It looks like Microsoft Edge is shaping up to be one heck of a browser.
Microsoft's annual Build conference is underway, where the company usually announces new products and developments that'll interest developers. Out of everything revealed yesterday, most people got excited about Microsoft announcing an official name and new features for its upcoming Windows 10 browser.
Microsoft Edge is that new web browser. It is meant to replace Internet Explorer as the default browser on all Windows 10 devices, including laptops, smartphones, tablets, and hybrids. Microsoft Edge will be a universal app, so you'll be able to download and update it from the Store when it finally launches this summer.
People aren't just talking about Microsoft Edge because it signals the eventual death of Internet Explorer (which will still be available for Windows 10 PCs), but because it's packed with some really cool features and capabilities.
We've picked three of the best bits and explained them, below, with the purpose of highlighting exactly how Microsoft Edge might be better than Internet Explorer.
Windows 10 isn't the only thing getting deep Cortana integration.
The personal assistant will also be available in Microsoft Edge (something Internet Explorer doesn't even have). She is designed to randomly appear as a blue circle in your toolbar and serve up relevant information.
She might appear, for instance, while you're looking at websites for businesses or restaurants, and then she will offer information about what you're browsing or looking at, such as a business' hours of operation. She'll even let you make a reservation. You can also select a word or phrase to get even more information from Cortana.
It appears as though Cortana in Microsoft Edge, at least in the latest preview build, doesn't let you speak commands nor does she verbally respond, but Cortana in the Windows 10 taskbar is enabled for all that and more.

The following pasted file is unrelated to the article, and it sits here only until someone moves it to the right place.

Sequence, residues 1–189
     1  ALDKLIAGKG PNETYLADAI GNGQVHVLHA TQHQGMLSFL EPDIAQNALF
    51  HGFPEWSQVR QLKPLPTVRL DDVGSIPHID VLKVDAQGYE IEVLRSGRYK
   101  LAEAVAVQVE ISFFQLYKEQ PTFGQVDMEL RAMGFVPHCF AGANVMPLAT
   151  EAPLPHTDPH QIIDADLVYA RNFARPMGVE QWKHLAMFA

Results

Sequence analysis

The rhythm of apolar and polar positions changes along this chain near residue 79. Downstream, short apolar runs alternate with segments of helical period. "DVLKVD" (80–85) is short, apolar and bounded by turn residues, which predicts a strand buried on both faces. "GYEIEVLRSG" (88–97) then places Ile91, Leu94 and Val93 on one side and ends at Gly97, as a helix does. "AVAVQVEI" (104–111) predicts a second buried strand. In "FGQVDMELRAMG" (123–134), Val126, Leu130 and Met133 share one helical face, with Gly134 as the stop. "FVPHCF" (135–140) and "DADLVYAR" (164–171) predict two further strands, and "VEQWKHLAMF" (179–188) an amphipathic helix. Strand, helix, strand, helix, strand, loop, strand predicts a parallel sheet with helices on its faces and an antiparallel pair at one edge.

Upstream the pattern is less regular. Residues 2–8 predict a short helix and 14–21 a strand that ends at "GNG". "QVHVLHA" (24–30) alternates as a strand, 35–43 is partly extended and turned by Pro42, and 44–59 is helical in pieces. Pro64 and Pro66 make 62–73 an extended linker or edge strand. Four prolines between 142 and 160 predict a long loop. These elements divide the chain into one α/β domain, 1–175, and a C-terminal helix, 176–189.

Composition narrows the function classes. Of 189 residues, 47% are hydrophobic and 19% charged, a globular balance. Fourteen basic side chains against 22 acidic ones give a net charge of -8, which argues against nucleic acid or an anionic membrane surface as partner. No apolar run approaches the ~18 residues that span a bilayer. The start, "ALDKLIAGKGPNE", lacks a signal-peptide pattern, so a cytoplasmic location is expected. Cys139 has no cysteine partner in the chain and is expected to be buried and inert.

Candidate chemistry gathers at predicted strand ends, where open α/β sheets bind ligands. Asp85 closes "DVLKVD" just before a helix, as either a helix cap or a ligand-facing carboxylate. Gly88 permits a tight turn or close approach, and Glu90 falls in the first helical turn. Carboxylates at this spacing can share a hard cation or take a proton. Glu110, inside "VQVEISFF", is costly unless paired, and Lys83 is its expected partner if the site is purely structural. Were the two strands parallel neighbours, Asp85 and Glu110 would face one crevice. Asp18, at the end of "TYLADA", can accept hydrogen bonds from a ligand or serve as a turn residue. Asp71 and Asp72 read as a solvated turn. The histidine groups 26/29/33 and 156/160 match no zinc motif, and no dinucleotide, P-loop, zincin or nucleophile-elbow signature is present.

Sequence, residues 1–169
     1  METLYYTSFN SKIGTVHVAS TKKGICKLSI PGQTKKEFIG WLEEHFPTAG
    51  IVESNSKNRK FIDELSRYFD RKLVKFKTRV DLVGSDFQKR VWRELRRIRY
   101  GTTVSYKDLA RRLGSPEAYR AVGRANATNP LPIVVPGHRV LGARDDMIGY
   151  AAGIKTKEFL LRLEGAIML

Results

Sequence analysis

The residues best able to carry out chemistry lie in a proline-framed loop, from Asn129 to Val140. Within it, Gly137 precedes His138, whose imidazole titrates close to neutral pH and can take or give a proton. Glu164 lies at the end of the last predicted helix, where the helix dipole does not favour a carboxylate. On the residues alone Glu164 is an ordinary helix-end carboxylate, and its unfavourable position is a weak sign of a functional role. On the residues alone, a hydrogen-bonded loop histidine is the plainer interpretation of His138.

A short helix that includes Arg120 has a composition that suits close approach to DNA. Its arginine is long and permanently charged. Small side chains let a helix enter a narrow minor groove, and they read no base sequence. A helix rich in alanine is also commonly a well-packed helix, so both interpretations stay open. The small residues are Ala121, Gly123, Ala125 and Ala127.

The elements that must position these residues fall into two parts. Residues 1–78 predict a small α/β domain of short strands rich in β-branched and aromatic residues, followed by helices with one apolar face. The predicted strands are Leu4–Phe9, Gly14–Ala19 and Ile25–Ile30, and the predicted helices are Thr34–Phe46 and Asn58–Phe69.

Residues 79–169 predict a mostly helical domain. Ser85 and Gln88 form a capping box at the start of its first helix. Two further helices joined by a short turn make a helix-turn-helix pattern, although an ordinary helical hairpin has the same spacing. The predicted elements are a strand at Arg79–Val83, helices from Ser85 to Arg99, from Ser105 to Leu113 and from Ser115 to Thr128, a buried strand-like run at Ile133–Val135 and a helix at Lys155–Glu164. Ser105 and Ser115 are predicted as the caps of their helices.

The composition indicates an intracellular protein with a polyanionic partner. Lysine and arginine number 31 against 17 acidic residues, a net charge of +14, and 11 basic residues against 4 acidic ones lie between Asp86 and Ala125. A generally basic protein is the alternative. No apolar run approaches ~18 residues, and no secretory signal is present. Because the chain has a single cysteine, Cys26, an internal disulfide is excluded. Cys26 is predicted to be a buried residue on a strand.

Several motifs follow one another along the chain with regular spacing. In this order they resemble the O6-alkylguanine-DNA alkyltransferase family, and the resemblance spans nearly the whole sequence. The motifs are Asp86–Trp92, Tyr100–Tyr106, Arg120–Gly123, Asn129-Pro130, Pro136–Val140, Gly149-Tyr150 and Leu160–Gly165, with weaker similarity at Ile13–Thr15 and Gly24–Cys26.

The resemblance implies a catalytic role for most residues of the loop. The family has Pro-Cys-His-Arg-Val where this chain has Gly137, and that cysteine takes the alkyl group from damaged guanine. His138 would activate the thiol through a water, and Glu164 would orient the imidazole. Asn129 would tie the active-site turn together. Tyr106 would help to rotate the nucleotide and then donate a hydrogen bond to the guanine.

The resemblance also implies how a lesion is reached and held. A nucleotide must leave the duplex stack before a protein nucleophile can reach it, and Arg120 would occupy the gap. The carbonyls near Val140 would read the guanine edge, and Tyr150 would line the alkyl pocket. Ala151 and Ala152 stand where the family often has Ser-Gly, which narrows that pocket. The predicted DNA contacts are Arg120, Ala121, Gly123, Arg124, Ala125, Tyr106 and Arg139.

Reading and annotations
Microsoft Edge will have another baked-in feature that not only separates it from Internet Explorer, but also most other competing browsers: the ability to annotate web pages and share notes.
With this feature, you can markup what you want in webpages or documents without having to print anything out. You can underline, add arrows, circle stuff - all while you’re browsing in real-time.
You can save your annotations locally or in the cloud, and Microsoft Edge will let you know whenever you go to a page that’s already been marked up. It’ll then let you open those annotations and share your annotations with others. And if you want to use a stylus to scrawl, Microsoft Edge will offer support for that.
The browser will even have a new Reading Mode, which will display a cleaner Web experience, and a Reading List tool, which will let you save pages you might want to check out later.
Okay. Extensions aren't new in the world of browsers - or even for Internet Explorer.
But Microsoft Edge will take them to a whole new level, mostly because it really needs to attract Windows users who may or may not be hooked on specific extensions already available in other browsers.
Extensions in Microsoft Edge aren't expected to be available with Windows 10 RTM, which should roll out this summer, but they will come in a later update.
Want to know more?
Check out Pocket-lint's in-depth look at Microsoft Edge for more information about the upcoming web browser, or check out the above teaser video from Microsoft.